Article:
Jan. 25 (Bloomberg) -- Deutsche Post AG, Europe’s largest mail carrier, said it plans to appeal a ruling by European Union regulators requiring it to repay government subsidies on a breach of antitrust rules.
Deutsche Post must repay 500 million euros ($648 million) to 1 billion euros in pension subsidies, the European Commission said today. Belgium’s Bpost SA must repay 417 million euros after Belgian government payments to the company exceeded the cost of delivering newspapers and magazines.
Regulators last year expanded an investigation into payments from the German government to cover pension costs at Deutsche Post that may have hampered rivals that paid 10 percent to 15 percent more in contributions. The regulators have approved government aid to Hellenic Post SA and France’s La Poste.
“The commission is delving retrospectively into national price regulation, which the Federal Network Agency carried out in good trust according to German law,” Deutsche Post Chief Executive Officer Frank Appel said today in a conference call with journalists. Bpost also said it will consider an appeal.
The pension subsidies “conferred an economic advantage” on Deutsche Post, the commission said today. The company “has effectively borne significantly lower social contributions than its private competitors for services which were open to competition,” such as parcel services and retail banking, the regulator said.
The EU probe broadened the scope of an investigation that started in 2007 into “all public measures, such as transfers of public money and tariff income” granted to Deutsche Post and its predecessor Postdienst since 1989. The prior probe was prompted by complaints from Atlanta-based United Parcel Service Inc., the world’s largest package-delivery company.
“We will fight against any possible appeal before the court of these decisions,” Joaquin Almunia, the EU’s antitrust commissioner, told reporters in Brussels today.
The commission is still waiting for details from the German government on how much needs to be repaid, Almunia said. All illegal aid will be recovered, he said.
In Belgium, the commission said annual state compensation granted to Bpost for the delivery of newspapers and magazines partly exceeded the net cost of the service. The subsidies totaled 5.2 billion euros from 1992 and 2010, the EU said.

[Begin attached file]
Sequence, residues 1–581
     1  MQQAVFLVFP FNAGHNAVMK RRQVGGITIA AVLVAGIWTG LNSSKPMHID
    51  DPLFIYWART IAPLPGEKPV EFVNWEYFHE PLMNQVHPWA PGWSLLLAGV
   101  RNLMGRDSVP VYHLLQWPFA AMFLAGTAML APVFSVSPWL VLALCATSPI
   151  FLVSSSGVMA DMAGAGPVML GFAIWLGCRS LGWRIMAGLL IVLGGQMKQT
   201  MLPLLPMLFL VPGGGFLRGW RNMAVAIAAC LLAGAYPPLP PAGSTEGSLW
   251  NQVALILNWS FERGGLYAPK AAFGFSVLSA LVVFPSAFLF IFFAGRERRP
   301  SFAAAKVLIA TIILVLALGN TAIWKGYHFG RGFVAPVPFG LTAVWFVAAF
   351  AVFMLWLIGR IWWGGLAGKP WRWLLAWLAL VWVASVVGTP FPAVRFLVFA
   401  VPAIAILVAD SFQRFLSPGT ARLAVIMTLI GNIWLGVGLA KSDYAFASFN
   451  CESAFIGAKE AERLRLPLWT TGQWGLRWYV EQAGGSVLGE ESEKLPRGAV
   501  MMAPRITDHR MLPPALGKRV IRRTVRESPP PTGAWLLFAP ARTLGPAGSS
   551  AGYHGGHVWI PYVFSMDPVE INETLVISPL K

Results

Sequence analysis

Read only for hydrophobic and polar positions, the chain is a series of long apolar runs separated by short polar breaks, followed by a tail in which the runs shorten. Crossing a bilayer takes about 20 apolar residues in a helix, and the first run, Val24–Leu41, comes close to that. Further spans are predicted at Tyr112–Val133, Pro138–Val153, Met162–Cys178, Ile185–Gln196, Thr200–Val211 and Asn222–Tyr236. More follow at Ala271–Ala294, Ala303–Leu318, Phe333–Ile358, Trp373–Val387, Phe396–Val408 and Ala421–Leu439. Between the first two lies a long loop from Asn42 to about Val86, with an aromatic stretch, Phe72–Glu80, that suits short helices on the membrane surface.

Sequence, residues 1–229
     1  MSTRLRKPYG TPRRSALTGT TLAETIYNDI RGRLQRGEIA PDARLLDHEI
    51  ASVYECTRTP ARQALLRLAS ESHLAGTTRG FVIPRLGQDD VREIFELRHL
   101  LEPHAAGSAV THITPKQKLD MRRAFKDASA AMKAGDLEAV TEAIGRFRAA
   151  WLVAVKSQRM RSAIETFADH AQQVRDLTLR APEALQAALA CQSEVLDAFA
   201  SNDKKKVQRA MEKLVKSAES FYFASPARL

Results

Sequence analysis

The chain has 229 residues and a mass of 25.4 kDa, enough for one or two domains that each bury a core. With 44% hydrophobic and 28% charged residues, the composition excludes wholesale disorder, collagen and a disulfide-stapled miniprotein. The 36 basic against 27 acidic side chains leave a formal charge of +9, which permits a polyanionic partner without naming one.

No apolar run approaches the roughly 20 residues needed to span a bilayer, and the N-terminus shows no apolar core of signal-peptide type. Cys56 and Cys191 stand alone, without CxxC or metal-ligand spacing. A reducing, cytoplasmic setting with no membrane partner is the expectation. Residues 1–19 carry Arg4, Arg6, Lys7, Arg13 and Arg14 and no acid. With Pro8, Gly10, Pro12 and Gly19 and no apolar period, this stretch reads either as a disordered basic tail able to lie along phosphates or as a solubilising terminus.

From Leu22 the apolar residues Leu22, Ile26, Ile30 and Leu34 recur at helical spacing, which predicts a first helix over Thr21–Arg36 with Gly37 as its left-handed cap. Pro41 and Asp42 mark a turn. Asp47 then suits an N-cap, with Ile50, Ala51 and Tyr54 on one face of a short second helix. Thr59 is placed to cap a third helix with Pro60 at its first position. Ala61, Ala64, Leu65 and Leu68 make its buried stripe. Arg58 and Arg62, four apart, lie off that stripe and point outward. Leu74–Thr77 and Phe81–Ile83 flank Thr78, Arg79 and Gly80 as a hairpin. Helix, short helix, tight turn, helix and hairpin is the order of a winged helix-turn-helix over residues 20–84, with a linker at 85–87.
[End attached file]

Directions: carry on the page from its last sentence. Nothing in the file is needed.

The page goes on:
Bpost, which is owned by CVC Capital Partners Ltd. and the Belgian government, will reimburse the aid before the end of June out of its cash reserves totaling more than 1 billion euros, the Brussels-based company said today in an e-mailed statement.
Deutsche Post’s liquidity will be “temporarily affected” by its payment, which it expects to be at the lower end of the range stipulated by the commission, the company said in a statement. It expects the ruling to be overturned and therefore for the payment only to be recorded in the 2012 balance sheet, according to the statement.
The fine will be paid from the excess liquidity of 3 billion euros that Deutsche Post had at the end of 2011, probably by the beginning of the third quarter, Chief Financial Officer Larry Rosen said in a conference call with journalists.
The Bonn-based postal company said an appeal could take between three and six years, CEO Appel said. There were “double standards” between today’s decision and a 2007 ruling which allowed France’s La Poste to receive state pension contributions, Appel said.
Deutsche Post declined as much as 3.3 percent, the most in two months, and was trading 2.7 percent lower at 12.45 euros at 3:22 p.m. in Frankfurt.
The investigation was triggered in part by Deutsche Post and its DHL express-delivery unit winning a 2009 court ruling overturning state-aid approval of some subsidies to the Belgian post.
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